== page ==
Ilona Szwarc’s new series of photographs titled “American Girls” features girls posing with their customized versions of the popular American Girl dolls. The portraits emphasize the integration of the dolls into the girls’ everyday lives, play, and respective spaces. These dolls, made by Mattel, offer a host of personalization options in addition to the historically themed dolls that make the brand seem overtly educational. Girls can customize their dolls’ looks, a feature emphasized in Szwarc’s portraits of girls with their “mini-mes”. Yet even with a host of choices about hair, skin, and eye colors, the dolls look remarkably similar: they are variations of a single genre. What sets them apart are the accessories and clothes, and, most of all, the use to which the girls put them.

I went to the American Girl Web site and chose the light-skinned doll with blue eyes and long, layered “caramel” hair as my best match, and was offered “access codes to bring [my] doll to life online” and encouraged to “create a unique personality for her!” All for the starting price of $110, so no, I didn’t actually purchase one for myself. I won’t be surprised if my daughters request these dolls in a few years though, as they serve as both a rite of passage and a status symbol. I don’t yet know what my answer will be. As Szwarc states:

Each doll can be customized to look exactly like its owner, yet all of them really look the same. American Girl dolls offer an illusion of choice and therefore an illusion of individuality. Yet they play a crucial role for girls at the time when they are forming their identities.

I don’t doubt the significance of dolls in girls’ lives or the consumer-driven quest for “choice” and “individuality” that permeates marketing for even our youngest citizens. I also don’t doubt the incredible and nearly-infinite potential for creativity in children’s play, and I know firsthand that children see and imagine beyond what the marketplace dictates.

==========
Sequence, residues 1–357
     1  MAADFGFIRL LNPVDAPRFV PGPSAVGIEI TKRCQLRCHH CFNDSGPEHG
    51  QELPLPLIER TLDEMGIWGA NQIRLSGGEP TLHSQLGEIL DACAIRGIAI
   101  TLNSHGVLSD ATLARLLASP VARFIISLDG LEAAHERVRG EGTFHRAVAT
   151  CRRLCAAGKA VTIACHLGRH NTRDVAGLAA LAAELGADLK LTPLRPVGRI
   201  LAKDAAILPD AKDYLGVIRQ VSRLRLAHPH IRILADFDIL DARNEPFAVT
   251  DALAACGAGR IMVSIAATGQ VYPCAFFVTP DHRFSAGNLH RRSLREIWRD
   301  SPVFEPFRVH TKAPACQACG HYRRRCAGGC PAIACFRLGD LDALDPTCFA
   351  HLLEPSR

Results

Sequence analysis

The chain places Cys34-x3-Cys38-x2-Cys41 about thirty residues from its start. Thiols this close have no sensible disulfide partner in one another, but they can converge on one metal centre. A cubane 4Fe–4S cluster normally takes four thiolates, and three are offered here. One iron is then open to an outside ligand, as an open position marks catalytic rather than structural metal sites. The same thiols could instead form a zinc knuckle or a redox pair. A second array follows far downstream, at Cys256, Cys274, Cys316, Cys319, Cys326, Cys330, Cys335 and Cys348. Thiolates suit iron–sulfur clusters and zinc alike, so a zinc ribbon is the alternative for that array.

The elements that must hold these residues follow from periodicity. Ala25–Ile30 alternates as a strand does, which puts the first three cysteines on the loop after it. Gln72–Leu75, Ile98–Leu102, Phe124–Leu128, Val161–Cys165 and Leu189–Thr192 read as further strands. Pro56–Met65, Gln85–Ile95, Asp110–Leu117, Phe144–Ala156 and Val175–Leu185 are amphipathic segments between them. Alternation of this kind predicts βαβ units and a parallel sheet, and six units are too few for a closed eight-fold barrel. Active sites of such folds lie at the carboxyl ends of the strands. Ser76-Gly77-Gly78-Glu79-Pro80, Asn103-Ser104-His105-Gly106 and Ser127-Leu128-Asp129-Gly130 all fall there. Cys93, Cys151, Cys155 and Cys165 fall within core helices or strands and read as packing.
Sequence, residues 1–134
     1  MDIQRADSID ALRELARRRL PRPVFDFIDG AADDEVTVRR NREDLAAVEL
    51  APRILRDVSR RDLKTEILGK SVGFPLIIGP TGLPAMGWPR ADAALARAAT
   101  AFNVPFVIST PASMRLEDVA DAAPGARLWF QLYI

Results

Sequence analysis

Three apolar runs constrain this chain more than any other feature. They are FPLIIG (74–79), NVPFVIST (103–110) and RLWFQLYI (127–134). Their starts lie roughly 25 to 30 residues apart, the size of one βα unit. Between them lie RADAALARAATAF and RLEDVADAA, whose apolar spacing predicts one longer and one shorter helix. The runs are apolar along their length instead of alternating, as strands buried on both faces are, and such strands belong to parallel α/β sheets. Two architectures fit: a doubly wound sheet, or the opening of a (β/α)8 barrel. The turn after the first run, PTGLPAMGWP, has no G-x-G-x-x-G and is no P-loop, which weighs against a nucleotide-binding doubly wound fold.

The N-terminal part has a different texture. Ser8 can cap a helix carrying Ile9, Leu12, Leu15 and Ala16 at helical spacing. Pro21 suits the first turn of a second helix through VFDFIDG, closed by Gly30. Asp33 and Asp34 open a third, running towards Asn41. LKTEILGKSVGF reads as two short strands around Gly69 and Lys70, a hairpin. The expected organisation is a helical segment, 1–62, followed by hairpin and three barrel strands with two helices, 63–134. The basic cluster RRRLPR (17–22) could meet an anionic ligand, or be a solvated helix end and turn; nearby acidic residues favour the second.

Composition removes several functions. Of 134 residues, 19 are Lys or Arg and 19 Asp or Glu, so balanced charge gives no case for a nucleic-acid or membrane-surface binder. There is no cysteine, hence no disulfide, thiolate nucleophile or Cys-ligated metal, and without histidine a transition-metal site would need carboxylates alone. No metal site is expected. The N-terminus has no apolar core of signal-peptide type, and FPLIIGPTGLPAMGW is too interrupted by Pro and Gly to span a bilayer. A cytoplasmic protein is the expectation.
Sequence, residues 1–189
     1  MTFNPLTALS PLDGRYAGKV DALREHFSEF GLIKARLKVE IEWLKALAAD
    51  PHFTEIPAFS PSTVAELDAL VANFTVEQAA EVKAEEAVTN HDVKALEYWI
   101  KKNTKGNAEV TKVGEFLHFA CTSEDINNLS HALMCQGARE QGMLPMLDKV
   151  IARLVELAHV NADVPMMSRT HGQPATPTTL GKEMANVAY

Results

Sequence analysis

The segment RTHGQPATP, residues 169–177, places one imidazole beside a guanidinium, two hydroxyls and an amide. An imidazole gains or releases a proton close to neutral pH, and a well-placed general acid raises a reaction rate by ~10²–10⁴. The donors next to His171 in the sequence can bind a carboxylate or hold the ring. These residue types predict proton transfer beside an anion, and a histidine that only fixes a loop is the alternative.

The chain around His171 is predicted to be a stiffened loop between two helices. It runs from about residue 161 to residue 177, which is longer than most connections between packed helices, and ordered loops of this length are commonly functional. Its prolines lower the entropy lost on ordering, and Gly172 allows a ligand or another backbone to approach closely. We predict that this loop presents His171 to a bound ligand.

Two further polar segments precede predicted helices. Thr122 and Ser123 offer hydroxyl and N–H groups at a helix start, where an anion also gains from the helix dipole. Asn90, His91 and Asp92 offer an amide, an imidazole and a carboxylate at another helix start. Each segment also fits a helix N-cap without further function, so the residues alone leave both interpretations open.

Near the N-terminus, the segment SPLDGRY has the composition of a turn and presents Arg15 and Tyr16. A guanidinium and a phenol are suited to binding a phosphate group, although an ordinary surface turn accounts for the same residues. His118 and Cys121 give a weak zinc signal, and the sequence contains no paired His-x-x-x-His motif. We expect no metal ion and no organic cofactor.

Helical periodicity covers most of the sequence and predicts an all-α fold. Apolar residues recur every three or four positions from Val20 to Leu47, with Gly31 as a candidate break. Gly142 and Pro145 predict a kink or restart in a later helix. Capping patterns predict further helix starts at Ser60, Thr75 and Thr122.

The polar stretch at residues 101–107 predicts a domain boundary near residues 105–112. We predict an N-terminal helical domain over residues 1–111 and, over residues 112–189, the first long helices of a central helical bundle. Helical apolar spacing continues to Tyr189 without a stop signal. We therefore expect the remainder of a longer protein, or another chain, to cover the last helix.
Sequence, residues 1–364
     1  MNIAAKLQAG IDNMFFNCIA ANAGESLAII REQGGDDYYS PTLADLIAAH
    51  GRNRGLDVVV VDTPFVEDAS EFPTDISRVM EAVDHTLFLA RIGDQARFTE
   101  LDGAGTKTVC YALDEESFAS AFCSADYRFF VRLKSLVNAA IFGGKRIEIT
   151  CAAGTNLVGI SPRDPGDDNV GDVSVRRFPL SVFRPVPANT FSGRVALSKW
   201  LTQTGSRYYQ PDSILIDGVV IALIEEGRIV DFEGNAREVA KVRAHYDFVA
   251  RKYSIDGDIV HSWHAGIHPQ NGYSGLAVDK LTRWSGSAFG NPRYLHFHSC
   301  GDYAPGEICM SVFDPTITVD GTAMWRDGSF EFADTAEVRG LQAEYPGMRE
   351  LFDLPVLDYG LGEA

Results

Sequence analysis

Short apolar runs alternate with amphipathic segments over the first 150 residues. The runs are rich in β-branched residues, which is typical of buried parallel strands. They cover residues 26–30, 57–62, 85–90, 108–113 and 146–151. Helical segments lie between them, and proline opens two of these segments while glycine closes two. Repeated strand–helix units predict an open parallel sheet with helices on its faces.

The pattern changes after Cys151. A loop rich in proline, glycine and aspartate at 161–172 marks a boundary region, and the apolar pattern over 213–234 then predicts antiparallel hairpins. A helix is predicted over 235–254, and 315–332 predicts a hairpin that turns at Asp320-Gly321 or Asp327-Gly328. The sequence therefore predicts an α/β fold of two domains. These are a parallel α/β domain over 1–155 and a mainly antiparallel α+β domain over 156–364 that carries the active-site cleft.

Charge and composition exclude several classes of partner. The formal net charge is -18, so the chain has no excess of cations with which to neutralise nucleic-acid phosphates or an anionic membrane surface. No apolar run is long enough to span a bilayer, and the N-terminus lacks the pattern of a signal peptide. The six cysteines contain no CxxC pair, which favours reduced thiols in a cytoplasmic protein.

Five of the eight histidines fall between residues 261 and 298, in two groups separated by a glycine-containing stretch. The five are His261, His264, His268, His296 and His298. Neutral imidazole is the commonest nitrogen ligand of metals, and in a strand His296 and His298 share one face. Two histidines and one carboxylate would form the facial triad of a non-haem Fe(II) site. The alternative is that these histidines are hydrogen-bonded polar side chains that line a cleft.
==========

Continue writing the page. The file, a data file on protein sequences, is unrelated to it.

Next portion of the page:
Yet Szwarc and her work raise interesting and provocative questions. The portraits themselves are intense and haunting, a glimpse into the inner workings of the girls’ imaginative worlds. Szwarc specifically asked the girls not to smile, and remarked that she gets asked most frequently about that decision. Her response: “The fact that this question has been asked so many times makes me think that it is some sort of a taboo to portray American children without a smile.” She further states, “The American Girl product defines and categorizes American girls—future American women—and that fact raises important questions about who gets represented and how. The branding behind the doll perpetuates domesticity and traditional gender roles.”

Apparently, that’s something many American girls (or their parents) are willing to pay a lot for. So as I peruse Szwarc’s portraits, I wonder in whose image these dolls are made, a reflection of their child-mothers who are reflecting their mothers who are reflecting… who?

Photo by Ilona Szwarc.


  1. Hi Erin,

    This post reminds me of Marge Piercy’s poem “Barbie Doll,” especially in regards to play products influence on girls. Good stuff here.


  2. “The fact that this question has been asked so many times makes me think that it is some sort of a taboo to portray American children without a smile.”

    It could also be that it’s bizarre for someone to look at you (as most of these girls are doing) with a dead-and-lifeless expression. The artist’s commentary makes him or her sound the typical artist detached from normal social cues and hyperbolizing interpretation.

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